6 Basic Tech Skills Anyone Should Have (Even If You’re Not a Geek)

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basic tech skillsLet’s face it: in today’s world, technology is no longer just for geeks. While some people may take pleasure in hacking into their Android device or using a rare Linux build, most of us are just normal users, who simply want to get along. If merely using a computer used to be “only for geeks” in the 70s, it’s nothing like that today, and even my 90-year-old grandmother has her own PC and writes emails on a daily basis.

If you consider yourself a geek, and have good control over your computer and other devices, this post might not be for you. If, however, you’re still finding your way in the computer world, or know someone who is, these basic skills are absolute must-haves. While computers and phones will work for you even without these basic tech skills, having them will ensure your privacy, your security, and will make your day-to-day experience  as smooth as it can be.

Secure Your Wireless Network With A Password

basic tech skills

While creating a password for your home wireless network is not complicated, I’m always surprised at the amount of unsecure networks I find every time I look for one to connect to. A true geek might say that a simple password protection is not that secure, and any real hacker can break it easily, but these passwords work in most cases, and I haven’t had mine hacked in all the years I’ve been using it. Aside from security issues, you don’t want all your cheap neighbors to be using your Internet and downloading movies at your expense.

So what do you do?

First, read how to secure your wireless connection, as explained by Aibek quite a while ago. While these screenshots are taken on Windows XP, the way things look depend mostly on your brand of router, so you should have no problem no matter what OS you use. If you need to set up a wireless network from scratch, take a look at “how to set up your own secured Wi-Fi hotspot”. Think someone’s using your wireless network? Here’s how to tell!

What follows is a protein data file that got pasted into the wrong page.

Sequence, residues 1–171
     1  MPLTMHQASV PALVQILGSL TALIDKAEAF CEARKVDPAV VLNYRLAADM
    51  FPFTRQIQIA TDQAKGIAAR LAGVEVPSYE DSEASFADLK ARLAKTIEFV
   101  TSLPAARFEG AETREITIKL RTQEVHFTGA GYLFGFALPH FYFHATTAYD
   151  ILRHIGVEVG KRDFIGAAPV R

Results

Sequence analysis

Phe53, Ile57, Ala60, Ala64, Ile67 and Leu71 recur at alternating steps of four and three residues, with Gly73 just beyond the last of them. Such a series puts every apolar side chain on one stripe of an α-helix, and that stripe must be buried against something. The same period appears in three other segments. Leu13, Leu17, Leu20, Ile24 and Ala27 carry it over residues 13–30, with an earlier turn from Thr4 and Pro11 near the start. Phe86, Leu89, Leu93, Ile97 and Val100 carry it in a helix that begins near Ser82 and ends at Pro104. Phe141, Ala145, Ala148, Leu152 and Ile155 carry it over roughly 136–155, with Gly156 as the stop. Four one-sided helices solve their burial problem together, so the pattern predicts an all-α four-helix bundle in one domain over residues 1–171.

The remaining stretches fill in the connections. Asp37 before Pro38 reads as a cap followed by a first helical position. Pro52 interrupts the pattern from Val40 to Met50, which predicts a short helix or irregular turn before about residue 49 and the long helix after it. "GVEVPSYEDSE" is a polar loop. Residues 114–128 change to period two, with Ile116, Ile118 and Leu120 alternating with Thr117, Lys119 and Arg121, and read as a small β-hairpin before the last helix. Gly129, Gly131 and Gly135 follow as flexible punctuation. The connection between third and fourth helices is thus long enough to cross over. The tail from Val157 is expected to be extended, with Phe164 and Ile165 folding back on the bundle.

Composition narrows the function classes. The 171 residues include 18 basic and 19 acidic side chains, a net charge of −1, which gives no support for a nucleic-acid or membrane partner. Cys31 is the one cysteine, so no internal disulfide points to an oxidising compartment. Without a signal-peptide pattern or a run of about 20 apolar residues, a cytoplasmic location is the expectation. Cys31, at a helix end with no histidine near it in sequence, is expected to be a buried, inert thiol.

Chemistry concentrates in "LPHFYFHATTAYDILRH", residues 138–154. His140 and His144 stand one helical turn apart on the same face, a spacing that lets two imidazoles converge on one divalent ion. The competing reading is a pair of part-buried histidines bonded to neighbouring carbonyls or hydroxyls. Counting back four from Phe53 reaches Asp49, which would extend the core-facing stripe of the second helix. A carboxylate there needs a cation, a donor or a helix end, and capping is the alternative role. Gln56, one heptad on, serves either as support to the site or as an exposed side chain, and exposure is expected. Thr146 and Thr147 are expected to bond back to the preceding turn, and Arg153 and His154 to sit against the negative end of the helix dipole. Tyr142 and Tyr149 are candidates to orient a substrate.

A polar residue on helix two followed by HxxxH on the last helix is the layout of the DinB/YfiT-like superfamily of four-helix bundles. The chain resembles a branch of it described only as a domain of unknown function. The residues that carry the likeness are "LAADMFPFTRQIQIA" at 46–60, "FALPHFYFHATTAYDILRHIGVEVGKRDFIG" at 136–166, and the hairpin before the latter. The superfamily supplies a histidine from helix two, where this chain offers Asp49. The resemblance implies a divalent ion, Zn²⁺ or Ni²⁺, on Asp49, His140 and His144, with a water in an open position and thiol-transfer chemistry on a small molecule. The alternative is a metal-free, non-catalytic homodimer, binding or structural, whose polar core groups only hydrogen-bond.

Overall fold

Backup Your Stuff

No matter how you use your computer, phone, or tablet, you must have a good, solid backup solution, at least for the really important things. We tend to postpone backup for “later”, thinking “it won’t happen to me”, but losing your data once is quite enough. And there’s no reason to be lazy, as backup is pretty easy to set up.

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So what do you do?

If you’re the kind of person who likes to read, learn, and pick the best solution, download our free backup & restore guide, which will teach you all you need to know. In a nutshell, your backup solution can consist of one or more of the following options:

  • An external hard drive
  • A network-attached hard drive
  • Cloud storage
  • CDs, DVDs, Blu-Rays, etc.

After deciding on the best solution for you, you can find a list of 10 excellent backup apps right here. Also, read this before choosing an online backup provider. If you don’t feel like reading or deciding, simple head over to Dropbox.com, create an account, and move all your important folders to Dropbox. While this might not be the most secure way to do things, it will make sure your files are there, even if something happens to your computer.

Touch Typing

important technical skills

I have a confession to make: I only use 3 fingers when I type. There, I said it! But you know what? I still don’t have to look at my keyboard while typing, and I type faster than many people who type the right way. Don’t take an example from me, though. One of the best skills you can have for a smoother computer experience is touch typing.

So what do you do?

The best way to improve your typing is, of course, practice, but if typing is a really slow and cumbersome process for you, you might avoid it as much as you can. There are many apps and even games that can help. You’ll find an excellent list of such apps right here, which includes apps for different languages, speed tests, typing lessons, and much more.

Protect Your Devices From Malware

Don’t have an updated anti-virus program installed? Get one right now. Viruses and malware are getting ever sneakier, and you don’t want to remain unprotected. Especially when good protection is available for free, and is very easy to set up.